Sunday, December 25, 2011
A Numbers Game
The frightening thing is the information doesn't seem to be out there. It's gone largely noticed as I talk to established physicians. The reality? As medical school class sizes grew and new medical school opened on top of more foreign medical students applying...many will NOT match in 2012.
Expectation - There will be approximately 24,000 PGY1 positions available this year in ALL specialties. There will be nearly 50,000 applicants this year (U.S. and FMGs plus graduate MD's from other countries). There are going to be over 25,000 U.S. grads alone....more than the number of PGY1 slots. Any with funding questions swirling, there may be less positions even as the number of applicants increases.
The Problem: A tremendous need for primary care physicians in this country (pediatrics, geriatrics, community internal medicine, general surgery, family practice, women's health, etc)
The Myth: Expansion of medical schools will increase physicians, particularly in primary care. This is the biggest lie of the entire health care discussion, and medical school have largely bought into the idea by increasing class sizes and opening new programs. Physicians are "built" in residency, NOT medical school.
A Simple Solution: Unmatched graduate MDs and DOs want to continue training and practice medicine...being part of the solution.
How about providing a route for all unmatched physicians who have passed Step 1 and Step 2 enter into a "apprenticeship" agreement for training with any licensed physician? In exchange "training reimbursement" through Medicare, Medicaid, Insurance etc including payment for services as if the trainee was a physician.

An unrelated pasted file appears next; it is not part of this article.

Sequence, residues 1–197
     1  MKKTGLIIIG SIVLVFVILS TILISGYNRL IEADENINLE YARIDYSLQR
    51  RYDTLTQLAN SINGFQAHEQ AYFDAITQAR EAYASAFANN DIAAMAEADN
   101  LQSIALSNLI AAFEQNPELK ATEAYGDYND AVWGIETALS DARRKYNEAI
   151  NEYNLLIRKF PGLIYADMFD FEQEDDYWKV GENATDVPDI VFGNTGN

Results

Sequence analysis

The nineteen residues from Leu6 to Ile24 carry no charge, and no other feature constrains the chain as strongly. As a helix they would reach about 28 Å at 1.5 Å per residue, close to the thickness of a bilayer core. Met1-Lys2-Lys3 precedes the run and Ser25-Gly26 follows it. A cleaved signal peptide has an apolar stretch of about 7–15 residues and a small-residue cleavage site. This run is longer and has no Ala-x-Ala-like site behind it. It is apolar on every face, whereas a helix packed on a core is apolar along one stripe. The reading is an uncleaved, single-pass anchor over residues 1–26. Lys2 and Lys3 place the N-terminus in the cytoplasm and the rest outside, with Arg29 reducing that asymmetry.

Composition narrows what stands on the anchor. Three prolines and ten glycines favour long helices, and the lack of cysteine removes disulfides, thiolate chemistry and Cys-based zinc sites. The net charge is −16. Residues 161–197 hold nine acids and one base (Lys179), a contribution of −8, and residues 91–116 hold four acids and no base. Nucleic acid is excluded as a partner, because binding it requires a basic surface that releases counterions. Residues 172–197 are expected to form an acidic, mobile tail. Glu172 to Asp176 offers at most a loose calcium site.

Why is this so outlandish? A Physician Assistant can graduate PA school after 2 years, and enter into a work agreement to "practice medicine with supervision" right away. Why shouldn't a 4 year trained physician be allowed to do the same? It make so much sense to create this alternate pathway to create primary care and needed specialty physicians as a methodology to create the solutions health care really needs in this country.
The question, is there anyone in medical leadership willing to champion the effort. Are Boards of Medicine willing to be creative enough to fulfill the needs of it's citizenry as physicians retire, leave medicine, and refuse to accept Medicare and other payment programs?
We really need solutions, not more roadblocks. How about bringing the community apprenticeship training model back? It's worth looking at!